Jah Cho’s smile is contagious
If you catch Jah Cho among his neighbors in Northern Thailand, you won’t have to wait very long before he offers up some jokes. His many stories, told in his Lahu dialect, are always accompanied with a big smile and belly laugh. Jah Cho is a happy soul, and he spreads joy throughout his community of Huay Lu Luang.
Hand-in-hand with his sense of joy is also his wealth of wisdom. As one of the more senior men in his village, Jah Cho is regarded with a strong sense of respect. People listen intently to what he has to say, and for good reason. His words are often a combination of encouragement and advice that comes from years of experience.
Many might be surprised by how Jah Cho’s joy comes in spite of a history full of uncertainty and interruption. Those experiences, however, provided him with so much wisdom that he enthusiastically wishes to pass on to the next generation.
Jah Cho’s life in Huay Lu didn’t come easy
Jah Cho isn’t originally from Huay Lu Luang. He isn’t even from Thailand. Jah Cho was born in China, in a village that he has almost no recollection of. “I left my home village when I was still very young,” he explained.
He lived elsewhere in China until he turned fifteen, when he was again forced to move. This time it was a famine that sent him and his parents into Myanmar. “We were very poor,” he explained. “We lived there in a place called Namisoh. I got married there, in a place called Namisoh. Even though we moved there, we faced challenges like conflict, famine, and health issues with my parents.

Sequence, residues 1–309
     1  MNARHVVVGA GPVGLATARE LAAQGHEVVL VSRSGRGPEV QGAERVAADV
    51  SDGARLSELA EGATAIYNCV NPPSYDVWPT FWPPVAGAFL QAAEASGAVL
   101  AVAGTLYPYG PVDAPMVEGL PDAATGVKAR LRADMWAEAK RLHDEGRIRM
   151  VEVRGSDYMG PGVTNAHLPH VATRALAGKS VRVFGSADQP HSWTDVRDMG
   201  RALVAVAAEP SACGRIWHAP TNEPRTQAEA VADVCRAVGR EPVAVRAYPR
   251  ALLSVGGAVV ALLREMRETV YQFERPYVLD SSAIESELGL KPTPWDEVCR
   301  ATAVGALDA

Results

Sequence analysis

Decades of conflict and persecution pushed many Southeast Asian hilltribes, like the Lahu group, across the border into Thailand. Jah Cho’s was among them. “My family started to move into Thailand,” he told us. “My parents passed away. I now have one son living with me in this village. My other children and grandchildren live in Bangkok, Chiang Mai, and other cities.”
Sustainability is about what we leave behind
At the time that Jah Cho arrived in Huay Lu, there were only forty families in the village. As refugees, they did not have citizenship or the rights to do things like own land. Many of them relied on the forest for food and income and had to prove to the local government that they could manage the forest well. Doing so would lead to greater access and opportunity.
It was all worth it for Jah Cho. He believes that sustainability is key to being able to pass on a better life to his children and their children.
“When we talk about sustainability, we need to talk about the past. If we don’t understand the past, we can’t look at the future. Sustainability means I will pass on land, farmland, and cattle, but also knowledge on to my children”
To Jah Cho, sustainability is more than what we do with what accumulate- its about what we will pass on to those who come after us.
Jah Cho has taken on a leadership role in his local community. Plant With Purpose aims to invest in local leaders like Jah Cho to create a better future for the hilltribes in Thailand and beyond. To support local leaders for $22 a month, sign up to become a Purpose Partner!